Friday we met up with Phil and the gang over at Great Divide where we were treated to the VIP treatment, given a private tour and tasted just about everyone of their beers and watched as Phil bought a pretty much all of their swag!  The stand out beers their was the Fresh Hop Pale Ale and the Leipzig Berliner Weisse as well as all the Yeti’s.  They also signed on to send a firkin (cask beer) or two to the Daily Pint!  Time flew by, and since we had parked our car in a 2 hour zone we went to go move it we parked right in front of Flying Dog’s tap room, that we had no idea was there!  So we tried their 666 Red Ale and a Gose that had hints of Old Bay seasoning in the beer and their Single Hop Citra IPA, all three were tasty and we vowed to come back but we had to return to Great Divide as we had left our beers sitting over there as well!  When we left them, Phil and the guys had just invaded Flying Dog. 

We then headed over to the new Crooked Stave tap room and tried some sours most notable was their Surrette with kombucha.  Tim and I then relocated to Boulder and went to dinner at West Flanders, a new brew pub and restaurant in Boulder, definitely worthy of a visit and later ended our evening at Avery drinking the Emerita IV and Ross’s Mom both sour ales but the Emerita is a world class sour.

Saturday started with rain but we were scheduled to drive up Fort Collins to meet up again at New Belgium Brewing.  Tim and I got into town early and decided to revisit Funkwerks and see if they were pouring the Deceit we liked so much at the fest, sadly they were not, but they had many other beers on tap to mollify us.  Funkwereks will pour you a flight of 5 of their beers in goblets for 9 bucks, one of the best deals in town!  Nichole, the new assistant brewer, gave us a tour and had no problems telling me to pipe down when I was whispering loudly at Stones Paddy Lenehan.  In our defense we were talking beer!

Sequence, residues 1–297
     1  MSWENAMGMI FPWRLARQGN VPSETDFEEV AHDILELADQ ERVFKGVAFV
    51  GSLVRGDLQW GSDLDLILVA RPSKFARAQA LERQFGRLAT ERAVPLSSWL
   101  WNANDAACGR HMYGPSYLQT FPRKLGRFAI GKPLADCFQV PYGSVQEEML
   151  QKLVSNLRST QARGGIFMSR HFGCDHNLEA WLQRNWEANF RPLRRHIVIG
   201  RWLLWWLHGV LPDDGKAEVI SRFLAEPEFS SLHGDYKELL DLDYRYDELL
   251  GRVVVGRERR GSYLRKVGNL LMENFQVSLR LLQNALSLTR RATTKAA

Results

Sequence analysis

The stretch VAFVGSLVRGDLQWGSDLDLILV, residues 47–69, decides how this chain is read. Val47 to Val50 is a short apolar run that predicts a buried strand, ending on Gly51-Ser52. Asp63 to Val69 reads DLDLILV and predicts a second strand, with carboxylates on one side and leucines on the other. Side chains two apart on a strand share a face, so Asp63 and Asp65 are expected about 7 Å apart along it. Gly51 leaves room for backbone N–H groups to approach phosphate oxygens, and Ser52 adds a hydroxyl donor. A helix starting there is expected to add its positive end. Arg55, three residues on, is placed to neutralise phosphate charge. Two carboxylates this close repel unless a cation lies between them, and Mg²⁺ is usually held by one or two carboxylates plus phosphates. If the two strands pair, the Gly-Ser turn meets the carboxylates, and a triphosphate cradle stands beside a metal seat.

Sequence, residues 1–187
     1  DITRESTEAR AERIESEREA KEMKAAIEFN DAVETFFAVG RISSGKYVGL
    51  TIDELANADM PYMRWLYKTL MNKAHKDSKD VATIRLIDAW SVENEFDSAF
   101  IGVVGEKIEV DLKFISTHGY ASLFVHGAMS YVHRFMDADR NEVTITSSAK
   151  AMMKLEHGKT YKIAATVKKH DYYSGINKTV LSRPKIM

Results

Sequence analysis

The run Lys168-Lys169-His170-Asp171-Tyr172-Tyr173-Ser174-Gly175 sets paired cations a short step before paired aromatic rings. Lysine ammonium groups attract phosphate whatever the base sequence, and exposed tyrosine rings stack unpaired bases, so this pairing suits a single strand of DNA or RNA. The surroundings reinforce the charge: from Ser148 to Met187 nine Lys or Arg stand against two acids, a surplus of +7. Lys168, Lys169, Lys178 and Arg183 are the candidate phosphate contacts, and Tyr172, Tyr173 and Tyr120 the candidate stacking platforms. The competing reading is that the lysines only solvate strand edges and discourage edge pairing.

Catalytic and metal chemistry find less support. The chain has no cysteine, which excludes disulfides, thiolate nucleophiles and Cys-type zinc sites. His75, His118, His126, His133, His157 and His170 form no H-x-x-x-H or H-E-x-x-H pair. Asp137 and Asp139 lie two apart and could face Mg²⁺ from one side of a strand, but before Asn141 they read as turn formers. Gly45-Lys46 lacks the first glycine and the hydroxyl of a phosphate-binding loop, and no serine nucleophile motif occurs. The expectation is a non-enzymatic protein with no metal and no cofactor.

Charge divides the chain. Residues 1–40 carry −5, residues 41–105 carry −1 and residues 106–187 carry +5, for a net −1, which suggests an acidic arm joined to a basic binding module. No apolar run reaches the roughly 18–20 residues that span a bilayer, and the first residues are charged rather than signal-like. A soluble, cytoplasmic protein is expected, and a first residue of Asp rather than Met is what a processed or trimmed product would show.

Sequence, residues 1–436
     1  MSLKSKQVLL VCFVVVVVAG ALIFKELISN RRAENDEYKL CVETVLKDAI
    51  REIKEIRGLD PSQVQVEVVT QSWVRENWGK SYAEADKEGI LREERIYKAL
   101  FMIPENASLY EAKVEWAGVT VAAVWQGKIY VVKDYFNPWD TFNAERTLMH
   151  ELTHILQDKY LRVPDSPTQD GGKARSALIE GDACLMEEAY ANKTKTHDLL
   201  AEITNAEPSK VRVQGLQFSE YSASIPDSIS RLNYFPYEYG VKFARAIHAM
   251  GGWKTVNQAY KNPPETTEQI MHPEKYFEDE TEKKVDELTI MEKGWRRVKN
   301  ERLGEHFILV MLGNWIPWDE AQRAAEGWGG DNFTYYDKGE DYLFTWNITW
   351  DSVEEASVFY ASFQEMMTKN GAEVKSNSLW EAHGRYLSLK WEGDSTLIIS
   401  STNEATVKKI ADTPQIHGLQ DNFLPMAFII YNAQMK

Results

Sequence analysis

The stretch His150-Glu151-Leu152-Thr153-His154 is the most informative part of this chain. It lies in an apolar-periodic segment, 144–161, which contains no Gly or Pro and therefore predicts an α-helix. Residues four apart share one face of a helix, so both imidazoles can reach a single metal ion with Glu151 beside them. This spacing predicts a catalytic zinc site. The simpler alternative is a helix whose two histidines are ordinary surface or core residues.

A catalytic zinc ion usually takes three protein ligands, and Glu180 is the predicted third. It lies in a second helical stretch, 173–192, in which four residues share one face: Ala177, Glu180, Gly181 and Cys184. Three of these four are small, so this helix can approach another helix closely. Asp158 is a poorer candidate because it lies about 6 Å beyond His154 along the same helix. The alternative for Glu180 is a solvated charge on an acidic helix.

Then we met Phil and the gang at New Belgium Where Brian Corn took us on a tour into places the regular tours do not go!  New Belgium has to be the beer geeks version of Disneyland with so much to see and things going on!  Afterwards we headed outdoors to the private playground and played rolly-polly, a horseshoes like game, only you roll the disc instead of throwing it, I think I had the best and the worst rolls in the game with the best one leaning against the post and the worst one hitting a table 6 yards out-of-bounds!  Phil says N.B. also promised to send the Pint some firkins.  Tim and I left them there, to head back to Boulder, and stopped off for dinner at Oskar Blues and ate enough BBQ for 5 people.  We again ended the night at Avery where we drank the 2011 Mephistopheles stout, a 15.95 bomb, plus their Fresh Hop IPA and more Emerita.

Sunday was another amazing Colorado sunny day and we wanted to check out the local area breweries but we got a late start due to some family business and so showed up to Wild Woods Brewing right at closing, this is a new start up brewery in Boulder and is currently brewing on a 2 barrel system!  Their beers feature blends inspired by the outdoors and we were disappointed that we could not try them all as they had shut down the taps. 

So we headed up to Niwot (the future home of Avery in the next two years tap room and all; you heard it here first!) to visit Bootstrap Brewing, a mom and pop operation that has been open since June 2012 and run by Leslie and Steve Kaczeus.  Their beers were more traditional styles brewed with little tweaks provided by Steve.  We did a flight of their Blond, Amber, IPA, Brown, Stout and chili beer.   The stand outs were the Brown ale that he added merlot wood chips to the finished beer and the IPA which was a great hoppy IPA.  The chili beer really grabbed my attention even though I don’t really like chili beers, this one was a great beer but had heat and fresh chili flavor.  Steve let on that he just dropped the fresh chopped chilli’s right into the holding tank and the beer got gradually hotter as it was served!  They are typical Colorado people who treated us as old friends even though we just met!  I can’t wait for next year when they say they will have some sours and fruit beers on line!

We decided that since Niwot was so close we would pop up and visit Left Hand Brewing in Longmont, and although we arrived a little after 7 PM and they were closing soon they stopped down and let us sample pretty much everything they had on tap, and they had a lot!  The Wake Up Dead Stout on Nitro was sublime with subtle hints of coffee, chocolate and roast malt.  The Smoke Jumper, a smoked Baltic porter and the Sawtooth ESB (also on nitro) were all amazing.  They recognized us as GABF beer geeks and took turns swapping GABF event stories with us.  Several people in the pub all joined in the conversation and it felt like the Pint on a Friday night with everybody talking at once and a lot of laughter thrown in!